Home Mental Health & Well-Being The Science Behind Lowering Chronic Cortisol and Its Impact on Your Body

The Science Behind Lowering Chronic Cortisol and Its Impact on Your Body

Reading Time: 3 minutes

We all experience stress from time to time. Whether it’s due to a big upcoming work project, a first date, or getting into an accident, stress is an unavoidable part of life that our bodies are designed to handle. However, our modern world is subjecting many people to more stress than they can reasonably handle. 

Chronic stress causes the body to release excessive levels of the hormone cortisol, which is often known as the “stress hormone” for this reason. If you’re dealing with the effects of chronic cortisol and you’re worried about your well-being, here’s what you need to know about the benefits of lowering cortisol levels through stress management. 

What is cortisol? 

The “stress hormone” known as cortisol, is produced by the adrenal glands located on top of the kidneys. It is released (along with adrenaline) when the brain encounters a real or imagined threat to your safety. Cortisol boost sugars (glucose) in the bloodstream for the brain to use and limits other bodily functions, such as the immune system and the reproductive system, which are not essential in the face of an immediate threat. Additionally, suppressing the immune system will also reduce inflammation should an injury occur. 

Cortisol is an important hormone that serves a critical purpose during times of stress. However, it can be harmful if stress becomes chronic. Because functions such as the immune system are suppressed during the release of cortisol, you’re more likely to get sick when you’re stressed. Over time, the impact of cortisol can have a serious impact on your cardiovascular system, blood pressure, and other key bodily systems and functions. 

Why is lowering chronic cortisol important? 

Chronic cortisol can lead to a variety of health problems, so it’s important to keep an eye on your stress levels. Many people are struggling with chronic stress due to their work, financial concerns, parenting, and external crises they can’t control (such as climate change) If you’re already struggling with chronic stress, it’s important to realize how much your life could improve if you take steps to lower your cortisol levels. 

Allison Forti, PhD, an associate professor and associate director of the Department of Counseling Online Programme at Wake Forest University explains why lowering cortisol levels is so important for overall health and well-being: “When someone lowers their cortisol levels after it’s been chronically high, they may notice cognitive, physical, and psychological changes throughout their entire body.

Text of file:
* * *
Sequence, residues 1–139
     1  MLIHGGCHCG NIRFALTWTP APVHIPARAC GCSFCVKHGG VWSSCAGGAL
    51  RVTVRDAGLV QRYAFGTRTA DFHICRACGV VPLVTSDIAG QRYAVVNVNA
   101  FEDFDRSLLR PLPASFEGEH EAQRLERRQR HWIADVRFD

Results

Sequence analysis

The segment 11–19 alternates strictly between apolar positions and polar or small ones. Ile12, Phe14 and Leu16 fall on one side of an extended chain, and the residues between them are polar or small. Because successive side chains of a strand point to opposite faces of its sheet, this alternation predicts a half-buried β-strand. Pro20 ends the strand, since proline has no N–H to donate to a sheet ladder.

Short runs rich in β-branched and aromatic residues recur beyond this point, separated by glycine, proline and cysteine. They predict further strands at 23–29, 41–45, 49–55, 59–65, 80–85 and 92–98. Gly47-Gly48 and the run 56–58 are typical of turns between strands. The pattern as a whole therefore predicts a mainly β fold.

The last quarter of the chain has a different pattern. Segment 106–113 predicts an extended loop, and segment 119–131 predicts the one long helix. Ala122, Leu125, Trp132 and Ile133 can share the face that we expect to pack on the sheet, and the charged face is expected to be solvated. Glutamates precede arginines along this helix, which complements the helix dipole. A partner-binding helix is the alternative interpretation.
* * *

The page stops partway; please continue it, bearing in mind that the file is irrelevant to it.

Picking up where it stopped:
“Cognitively, you may notice your memory, attention, and concentration improve.  It feels like the brain fog lifted.  You are able to recall memories easier, sustain your attention on tasks with more ease, and your reaction time (for example, while driving a car) improves.

“Physically, you may notice a plethora of improvements.  Your blood pressure and blood sugar may improve.  You may notice fewer colds or viruses.  Your hair may stop shedding and skin rashes or eczema may improve.

“Psychologically, you may feel less irritable, you may worry less, feel a lightness in your mind and body, you may sleep better, your appetite may regulate, and you may experience less sadness and overwhelm. 

“Holistically, you may feel revitalized with more energy, less fatigue, and an increased ability to recover from exercise.”

How to reduce chronic cortisol

So, how can you reduce chronic cortisol and minimise its impact on your health? The answer is simple, but not easy: reduce your stress levels. Depending on your situation, that might mean giving up some of your responsibilities at work, hiring someone to help you with housework, or simply finding more time for the things you enjoy. Here are some ways to help reduce your stress levels:

  • Exercise regularly. Adding more movement to your daily schedule can have a positive impact on your stress levels. Regular exercise can also help boost your mood and energy levels. 
  • Watch your diet. Unhealthy food can put additional stress on your body’s systems, especially sugary and processed foods. By focusing on eating lots of fresh and healthy sustainable foods and minimising processed foods, you can help your body deal with any outside stress. 
  • Get enough sleep. Being sleep-deprived can greatly increase your stress. Taking steps to improve your sleep quality is important for long-term stress management.
  • Spend time with friends and family. Loved ones can help improve your overall well-being and get you out of your head. It’s important to spend quality time with the ones you love, whether you talk to them long-distance or meet in person. 
  • Decompress with a hobby or favorite activity. If you have lots of responsibilities in your life, then you’re probably not prioritizing your own needs. Regularly making time for a favorite hobby or activity is a great way to reduce your stress levels. 
  • Try meditation. Many people find that meditation and mindfulness help them control their stress levels. Activities like yoga and breathing exercises can also help.  


General wellness is important for reducing chronic stress that can lead to health problems. Although it might be a challenge to fit healthy habits into your busy lifestyle, adding them in is one of the best ways to manage your stress levels. Reducing your stress can help you improve both your mental and physical health so you can live a longer, happier life.

Tim Williamson, a psychology graduate from the University of Hertfordshire, has a keen interest in the fields of mental health, wellness, and lifestyle.

© Copyright 2014–2034 Psychreg Ltd